Have Energy on Hand
You’re going to need energy to run your homestead, but that can come from a number of different sources. Though alternative energy sources are big with homesteaders (especially the more remote ones), this article is going to cover the more conventional types of energy sources. Most of these are used as heating fuel, which may or may not even be a concern given your immediate climate.
This is one of the most versatile and accessible types of energy sources for your homestead, and unless you are buying undeveloped land, it will likely be available. Electricity is what will power all the lights, appliances and other devices in your home and the barn. It can be used for heat, but compared to the other power sources listed below, that will be very costly.
You don’t have to have electricity but it will be a real culture shock if you try to live without it (unless you’ve already done so before). Electricity is supplied by your municipality and you will likely have a meter that records how much you use. You pay based on usage and there may be reductions in cost for using power during “non-peak” times.
Natural gas is a popular fuel in town but may not be available in more rural areas because it is usually piped in, and supply networks may not exist out in the country. If you have access to it, it makes a good heating fuel and you can also install natural gas stoves for cooking. Generally speaking, this is the cheapest option for conventional heating fuel.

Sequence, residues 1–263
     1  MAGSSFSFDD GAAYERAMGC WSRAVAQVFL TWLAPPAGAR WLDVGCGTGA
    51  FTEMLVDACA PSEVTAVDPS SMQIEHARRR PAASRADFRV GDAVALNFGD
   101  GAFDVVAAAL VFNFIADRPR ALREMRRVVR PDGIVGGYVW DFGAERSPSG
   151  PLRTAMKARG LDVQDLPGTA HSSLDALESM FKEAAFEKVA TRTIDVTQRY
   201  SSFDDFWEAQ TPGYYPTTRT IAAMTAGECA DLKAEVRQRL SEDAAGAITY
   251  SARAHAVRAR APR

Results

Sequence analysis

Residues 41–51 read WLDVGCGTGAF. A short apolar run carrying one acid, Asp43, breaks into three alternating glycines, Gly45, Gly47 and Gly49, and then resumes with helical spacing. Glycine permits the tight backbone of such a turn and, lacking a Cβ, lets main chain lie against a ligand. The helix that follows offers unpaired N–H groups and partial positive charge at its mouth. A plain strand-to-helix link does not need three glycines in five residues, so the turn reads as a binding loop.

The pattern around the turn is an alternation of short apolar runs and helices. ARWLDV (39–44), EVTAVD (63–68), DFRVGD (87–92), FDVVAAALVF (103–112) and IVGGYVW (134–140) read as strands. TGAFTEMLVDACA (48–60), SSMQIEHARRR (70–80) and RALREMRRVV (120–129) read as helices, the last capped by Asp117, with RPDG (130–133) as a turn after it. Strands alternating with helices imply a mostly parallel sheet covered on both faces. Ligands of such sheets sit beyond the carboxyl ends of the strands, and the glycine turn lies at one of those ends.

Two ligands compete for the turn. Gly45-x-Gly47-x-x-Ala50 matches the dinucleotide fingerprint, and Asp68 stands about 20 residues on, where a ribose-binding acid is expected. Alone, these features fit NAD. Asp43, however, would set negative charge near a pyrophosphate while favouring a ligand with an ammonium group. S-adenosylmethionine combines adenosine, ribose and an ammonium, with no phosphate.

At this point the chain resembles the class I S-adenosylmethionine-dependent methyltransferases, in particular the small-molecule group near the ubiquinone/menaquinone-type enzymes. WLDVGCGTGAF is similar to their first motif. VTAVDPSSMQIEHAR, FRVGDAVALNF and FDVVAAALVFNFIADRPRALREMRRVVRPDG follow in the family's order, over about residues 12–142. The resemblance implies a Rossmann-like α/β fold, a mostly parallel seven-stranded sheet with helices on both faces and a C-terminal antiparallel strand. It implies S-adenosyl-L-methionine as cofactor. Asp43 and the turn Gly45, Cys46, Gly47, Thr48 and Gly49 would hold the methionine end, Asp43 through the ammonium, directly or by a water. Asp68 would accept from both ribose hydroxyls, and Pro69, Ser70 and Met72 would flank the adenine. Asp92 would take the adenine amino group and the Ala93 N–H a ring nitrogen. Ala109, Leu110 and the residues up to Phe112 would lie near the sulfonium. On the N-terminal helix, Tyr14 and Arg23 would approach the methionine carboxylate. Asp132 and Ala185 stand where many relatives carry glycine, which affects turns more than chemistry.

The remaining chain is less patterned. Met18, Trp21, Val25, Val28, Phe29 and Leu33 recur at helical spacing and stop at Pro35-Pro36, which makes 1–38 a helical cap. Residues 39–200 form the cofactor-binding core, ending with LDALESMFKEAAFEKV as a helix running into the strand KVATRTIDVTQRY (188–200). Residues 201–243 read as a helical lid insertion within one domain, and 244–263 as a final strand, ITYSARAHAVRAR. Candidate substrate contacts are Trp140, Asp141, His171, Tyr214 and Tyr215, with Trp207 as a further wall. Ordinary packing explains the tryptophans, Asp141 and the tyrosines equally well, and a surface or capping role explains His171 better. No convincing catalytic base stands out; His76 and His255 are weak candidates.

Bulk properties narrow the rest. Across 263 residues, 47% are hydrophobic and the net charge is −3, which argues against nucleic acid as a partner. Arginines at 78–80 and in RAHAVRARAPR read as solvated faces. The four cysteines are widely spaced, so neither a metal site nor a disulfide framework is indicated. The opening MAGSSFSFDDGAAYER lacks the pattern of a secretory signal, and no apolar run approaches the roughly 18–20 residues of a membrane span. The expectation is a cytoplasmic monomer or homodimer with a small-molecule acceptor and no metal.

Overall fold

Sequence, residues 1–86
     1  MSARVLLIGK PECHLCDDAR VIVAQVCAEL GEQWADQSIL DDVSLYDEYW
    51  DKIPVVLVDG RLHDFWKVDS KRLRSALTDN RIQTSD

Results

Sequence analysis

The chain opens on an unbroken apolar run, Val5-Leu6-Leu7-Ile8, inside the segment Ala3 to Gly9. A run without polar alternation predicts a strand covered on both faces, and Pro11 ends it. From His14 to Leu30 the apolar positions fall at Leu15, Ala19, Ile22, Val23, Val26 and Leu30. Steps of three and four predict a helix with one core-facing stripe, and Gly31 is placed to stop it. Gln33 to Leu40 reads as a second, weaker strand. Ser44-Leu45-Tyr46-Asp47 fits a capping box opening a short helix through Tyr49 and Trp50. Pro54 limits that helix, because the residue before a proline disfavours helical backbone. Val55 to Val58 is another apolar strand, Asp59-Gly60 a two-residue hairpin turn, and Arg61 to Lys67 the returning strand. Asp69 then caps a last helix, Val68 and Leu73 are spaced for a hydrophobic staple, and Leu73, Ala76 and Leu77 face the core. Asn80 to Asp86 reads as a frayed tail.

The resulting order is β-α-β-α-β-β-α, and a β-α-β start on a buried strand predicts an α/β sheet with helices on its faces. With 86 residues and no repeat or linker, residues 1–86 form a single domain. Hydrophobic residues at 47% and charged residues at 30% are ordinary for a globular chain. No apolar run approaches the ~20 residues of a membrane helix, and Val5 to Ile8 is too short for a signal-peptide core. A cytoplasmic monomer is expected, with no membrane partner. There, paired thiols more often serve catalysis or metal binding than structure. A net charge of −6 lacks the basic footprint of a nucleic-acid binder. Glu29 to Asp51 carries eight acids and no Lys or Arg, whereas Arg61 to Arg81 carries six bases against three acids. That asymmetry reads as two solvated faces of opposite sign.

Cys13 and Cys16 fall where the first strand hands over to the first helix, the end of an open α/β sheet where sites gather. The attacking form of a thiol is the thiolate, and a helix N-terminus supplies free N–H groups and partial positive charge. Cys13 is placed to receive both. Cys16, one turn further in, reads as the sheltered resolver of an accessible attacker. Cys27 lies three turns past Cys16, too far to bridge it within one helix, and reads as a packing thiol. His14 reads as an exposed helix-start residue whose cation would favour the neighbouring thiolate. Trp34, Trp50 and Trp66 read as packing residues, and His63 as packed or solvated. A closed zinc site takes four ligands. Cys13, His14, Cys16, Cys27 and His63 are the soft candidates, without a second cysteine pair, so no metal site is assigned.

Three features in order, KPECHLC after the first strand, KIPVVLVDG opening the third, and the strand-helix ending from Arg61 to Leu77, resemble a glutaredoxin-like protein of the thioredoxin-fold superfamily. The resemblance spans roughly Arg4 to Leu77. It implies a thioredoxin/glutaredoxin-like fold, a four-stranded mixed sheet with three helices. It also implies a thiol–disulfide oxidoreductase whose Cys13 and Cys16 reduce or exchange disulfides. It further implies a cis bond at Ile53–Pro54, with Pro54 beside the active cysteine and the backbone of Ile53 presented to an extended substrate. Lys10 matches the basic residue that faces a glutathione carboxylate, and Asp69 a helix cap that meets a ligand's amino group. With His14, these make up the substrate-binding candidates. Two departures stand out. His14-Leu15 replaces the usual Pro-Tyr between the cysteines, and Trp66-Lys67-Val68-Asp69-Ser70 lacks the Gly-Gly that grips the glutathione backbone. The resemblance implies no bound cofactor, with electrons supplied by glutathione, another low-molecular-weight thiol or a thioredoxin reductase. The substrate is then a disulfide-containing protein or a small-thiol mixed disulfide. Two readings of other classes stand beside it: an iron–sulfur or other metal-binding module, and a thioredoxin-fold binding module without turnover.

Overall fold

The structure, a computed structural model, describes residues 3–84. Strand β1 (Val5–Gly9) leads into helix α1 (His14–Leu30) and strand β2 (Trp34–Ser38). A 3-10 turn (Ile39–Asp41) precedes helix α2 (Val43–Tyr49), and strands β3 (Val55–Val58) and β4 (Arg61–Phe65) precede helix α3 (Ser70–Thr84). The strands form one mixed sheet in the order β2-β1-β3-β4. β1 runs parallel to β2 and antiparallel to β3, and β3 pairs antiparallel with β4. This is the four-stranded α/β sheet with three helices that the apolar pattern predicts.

One of the great things about propane is that you can use it for more purposes than just heating. Not only can you run a stove or oven with propane, other appliances can use it as a fuel as well. Believe it or not, you can get lighting fixtures, refrigerators and freezers that run on propane, which makes it a very handy fuel if electricity is not easily available.
The appliances will be more expensive than conventional ones so plan on some added expense at the onset if you are going to rely on propane. Unlike the last two, propane is one of the types of energy sources usually purchased by the tank-load, which adds another level of security in using it. Once you have a tank’s worth, it’s there and available. You don’t get sudden or unexpected outages like you can with electricity or even natural gas.
This is a fine energy source but it is really only used for home heating. Compared to the other types of energy sources previously mentioned, this is often the most expensive fuel option.
Oil is delivered by the tanker load, and you just pay for the volume you’ve used. Depending on your source, it will be delivered automatically based on a calculation that includes your historic usage as well as the current temperatures outside. That means your oil company will deliver more oil after a stretch of colder-than-usual weather which can make your fuel management a little easier.